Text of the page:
A Flight Attendant’s POV of Travel Post-Pandemic

The quarantine fatigue is real. Wanderlust, cabin fever and the desire to be anywhere, but home is taking over. Many of my cabin crew friends that are still in the air wish they could be in your shoes. As flight attendants, we are asked to manage panic and create a comfortable and safe environment, regardless of current circumstances. However, this virus has been unlike any other disruption to aviation I’ve ever experienced. Experts are aiming for travel tensions to ease as soon as June 2020, but I strongly disagree. With layoffs on the horizon, here is my perspective on the future of the travel industry while I’m still able to call myself a flight attendant.

  1. The financial damages will exceed that of 9/11. When terrorists hijacked United Airlines and American Airlines commercial jets in 2001, they killed thousands and injured many more. The effects vibrated beyond New York across the country and especially shook up the travel industry. Many U.S. based airlines took several years to recover normal passenger traffic after near bankruptcy. Airlines, like American, maintained hiring freezes for up to a decade after the attacks. Even with $58B in U.S. government funded COVID-19 relief aid, American Airlines declined to project what their end of the year stock prices would look like for 2020. Delta CEO has said they are bleeding $60M each day as passenger bookings have reached a record low. United Airlines expects to see a loss of at least $1B compared to last year.
    Flight attendants and pilots around the world are dying. In mid-February, my aunt, a healthcare worker in Washington, D.C., sent me an article that made me nervous to fly for the first time in my life. Infographics in the article rendered studies that revealed flight attendants on the plane are the most likely to come in contact with an infected person. Many flight attendants, as of April 3rd, struggled with their airlines to allow them to wear masks and gloves. Now, two months later, there has not only been COVID-19 related deaths at my own airline, but there have been crew deaths at many airlines.
    A young U.S. flight attendant with no pre-existing conditions contracted the virus. She described what it was like to fly on empty planes during the weeks after the virus crossed over from international routes into domestic U.S. ones. She tried to be cautious by remaining confined to her hotel rooms on layovers. In the video of her hospitalization, she urges her colleagues to stop flying.
    Social distancing is impossible with the currently cramped seat configurations. Six feet of personal space isnt available at any inch of the aircraft, even in first class. Not even the pilots have six feet between them. The air around an infected person is filtered, but recycled, and can affect up to two rows of people around them. Aviointeriors, a designer and manufacturer of premium aircraft seating for over four decades, has offered a look into the future of what economy class could look like post-pandemic. Immediately, there are some glaring issues. The plexi-glass partition doesn’t solve the problem of sharing recycled air only inches away from your seatmate. The second issue, a big one for flight attendants and the FAA, is how the passenger in the window seat will safely evacuate the plane in an emergency. The plexi-glass also becomes another high-touch surface that will received rushed cleaning between flights.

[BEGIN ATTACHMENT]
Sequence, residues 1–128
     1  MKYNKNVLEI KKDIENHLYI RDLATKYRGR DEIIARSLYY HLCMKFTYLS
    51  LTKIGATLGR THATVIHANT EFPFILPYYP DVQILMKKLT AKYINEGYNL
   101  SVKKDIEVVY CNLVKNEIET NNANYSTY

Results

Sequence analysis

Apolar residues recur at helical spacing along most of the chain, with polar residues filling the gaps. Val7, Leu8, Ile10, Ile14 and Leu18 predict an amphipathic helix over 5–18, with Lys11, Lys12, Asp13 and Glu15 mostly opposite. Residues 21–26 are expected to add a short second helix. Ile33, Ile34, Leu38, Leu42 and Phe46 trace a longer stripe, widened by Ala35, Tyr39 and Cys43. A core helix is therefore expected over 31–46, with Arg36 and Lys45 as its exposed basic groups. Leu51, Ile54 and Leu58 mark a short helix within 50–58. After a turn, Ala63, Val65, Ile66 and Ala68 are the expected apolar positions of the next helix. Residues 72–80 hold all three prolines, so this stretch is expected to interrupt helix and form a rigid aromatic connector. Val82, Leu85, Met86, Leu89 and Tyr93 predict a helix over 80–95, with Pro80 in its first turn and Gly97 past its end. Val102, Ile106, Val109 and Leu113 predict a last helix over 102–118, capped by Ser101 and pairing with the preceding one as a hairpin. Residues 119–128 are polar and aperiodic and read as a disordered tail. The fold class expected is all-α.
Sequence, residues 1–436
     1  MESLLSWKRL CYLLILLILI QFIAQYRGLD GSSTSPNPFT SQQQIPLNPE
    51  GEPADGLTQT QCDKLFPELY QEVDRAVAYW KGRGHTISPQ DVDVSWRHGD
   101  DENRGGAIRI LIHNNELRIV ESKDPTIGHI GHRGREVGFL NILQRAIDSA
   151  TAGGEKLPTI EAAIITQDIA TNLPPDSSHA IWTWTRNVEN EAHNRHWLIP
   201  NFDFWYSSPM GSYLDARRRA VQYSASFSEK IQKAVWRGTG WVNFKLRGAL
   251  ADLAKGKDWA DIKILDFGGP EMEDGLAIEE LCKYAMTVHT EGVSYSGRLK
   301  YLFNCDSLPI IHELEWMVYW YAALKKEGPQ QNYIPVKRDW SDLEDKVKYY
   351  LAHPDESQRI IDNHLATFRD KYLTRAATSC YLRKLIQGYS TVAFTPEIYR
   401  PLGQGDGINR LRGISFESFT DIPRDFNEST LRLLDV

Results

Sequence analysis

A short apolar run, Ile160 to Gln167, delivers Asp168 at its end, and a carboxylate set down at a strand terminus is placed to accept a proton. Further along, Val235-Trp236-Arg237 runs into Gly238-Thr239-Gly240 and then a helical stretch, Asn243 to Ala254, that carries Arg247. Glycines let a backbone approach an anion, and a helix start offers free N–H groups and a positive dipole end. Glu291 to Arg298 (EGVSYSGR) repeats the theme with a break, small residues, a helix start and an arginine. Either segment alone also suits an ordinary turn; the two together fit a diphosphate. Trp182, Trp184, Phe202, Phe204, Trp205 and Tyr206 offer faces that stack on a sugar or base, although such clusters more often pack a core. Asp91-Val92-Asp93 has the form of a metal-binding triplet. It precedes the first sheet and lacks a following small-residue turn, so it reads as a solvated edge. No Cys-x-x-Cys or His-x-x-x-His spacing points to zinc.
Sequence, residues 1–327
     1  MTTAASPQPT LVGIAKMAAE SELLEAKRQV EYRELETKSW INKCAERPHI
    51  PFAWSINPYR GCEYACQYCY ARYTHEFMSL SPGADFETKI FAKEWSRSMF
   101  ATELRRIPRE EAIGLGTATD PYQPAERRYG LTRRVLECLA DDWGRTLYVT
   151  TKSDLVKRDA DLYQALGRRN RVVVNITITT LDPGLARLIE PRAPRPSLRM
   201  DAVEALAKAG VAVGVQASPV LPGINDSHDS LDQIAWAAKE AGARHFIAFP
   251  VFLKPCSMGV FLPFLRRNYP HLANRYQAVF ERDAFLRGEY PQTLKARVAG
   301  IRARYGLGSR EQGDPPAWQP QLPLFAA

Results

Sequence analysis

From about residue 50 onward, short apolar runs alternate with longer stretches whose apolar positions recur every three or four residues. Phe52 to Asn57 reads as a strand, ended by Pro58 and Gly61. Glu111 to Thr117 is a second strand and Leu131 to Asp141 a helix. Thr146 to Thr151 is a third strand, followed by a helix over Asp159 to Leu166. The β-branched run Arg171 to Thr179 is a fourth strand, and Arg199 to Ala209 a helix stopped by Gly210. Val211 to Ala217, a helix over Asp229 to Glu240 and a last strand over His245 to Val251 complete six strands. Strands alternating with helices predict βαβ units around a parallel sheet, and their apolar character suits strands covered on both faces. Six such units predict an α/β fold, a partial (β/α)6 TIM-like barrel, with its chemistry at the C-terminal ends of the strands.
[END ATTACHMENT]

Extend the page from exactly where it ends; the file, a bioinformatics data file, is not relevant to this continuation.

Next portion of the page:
The FAA and EASA must create and enforce policies that will protect passengers from communicable diseases. Historically, passing policies can take months. Domestic airlines have decreased their flights by 90% due to record low bookings. Eventually when traffic picks back up, the federal agencies that regulate the skies must be ready with laws that protect not only passengers, but also crew and therefor the countries that we land in. Retraining will also need to take place on a global scale.
    Each country is in a different phase of their journey to the other side of COVID-19. Some nations, similar to the southern parts of the United States, are rushing to reopen. Others, like Sweden, are experimenting with herd immunity. Some countries are still in the height of their COVID-19 experience and have yet to see their curve flatten. Travel bans will likely become political, banning certain countries because of xenophobia or its foreign policies. The U.S. President vs. the Governors of the U.S. have shown how health-focused and science-based decision-making can be controversial to economic stimulation. Conflicting messages and this winter’s flu season all but guarantees the U.S. will see a second wave of the coronavirus. Poorer nations may see second waves of the virus as tourism picks up, being that its such an essential income for places like Italy, Jamaica or Thailand.